Esophageal cancer is the eight most common cancer worldwide and the sixth cause of cancer related death with squamous cell carcinoma (SCC) accounting for almost half of all esophageal cancers. Persistent human papilloma virus (HPV) infection has been suspected to play an active role in esophageal carcinogenesis but a clear association has not still been proven and no specific indications or guidelines for possible endoscopic and surgical therapeutic approaches to this clinical scenario are available. We report a case of a 62-year-old woman with histological diagnosis of high-grade intraepithelial squamous neoplasia of distal esophagus associated with cytological modifications resembling cervical HPV infection and with a positive INNO-LiPA assay for genotype 16 HPV. A single session of radiofrequency ablation (RFA) was performed on the dysplastic esophageal area with complete endoscopic eradication as confirmed by the following endoscopic, histologic and microbiologic examinations. Our report might give further strength to the hypothesis of an etiological role of HPV in selected cases of esophageal carcinogenesis and opens a discussion on the possible use of Radio Frequency Ablation as an effective and safe endoscopic treatment for both early squamous cell neoplasia and HPV esophageal colonization.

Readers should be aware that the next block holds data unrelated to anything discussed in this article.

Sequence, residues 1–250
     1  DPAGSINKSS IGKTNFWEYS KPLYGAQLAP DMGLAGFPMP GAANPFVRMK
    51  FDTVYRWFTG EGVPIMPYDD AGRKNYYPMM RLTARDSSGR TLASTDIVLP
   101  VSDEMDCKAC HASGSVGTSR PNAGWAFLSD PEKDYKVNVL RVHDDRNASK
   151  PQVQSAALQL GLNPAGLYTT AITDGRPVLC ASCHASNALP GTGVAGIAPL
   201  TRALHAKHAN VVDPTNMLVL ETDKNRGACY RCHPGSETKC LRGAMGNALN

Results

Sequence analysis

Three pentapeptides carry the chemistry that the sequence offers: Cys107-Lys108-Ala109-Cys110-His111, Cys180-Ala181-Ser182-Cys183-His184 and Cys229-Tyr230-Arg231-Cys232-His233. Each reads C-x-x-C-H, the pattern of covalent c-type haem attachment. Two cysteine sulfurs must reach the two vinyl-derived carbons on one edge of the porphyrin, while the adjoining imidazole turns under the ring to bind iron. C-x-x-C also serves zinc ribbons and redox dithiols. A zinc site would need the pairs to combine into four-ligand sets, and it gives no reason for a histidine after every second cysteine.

- Human papilloma virus (HPV)
- Radiofrequency ablation (RFA)
- Squamous cell neoplasia
ASJC Scopus subject areas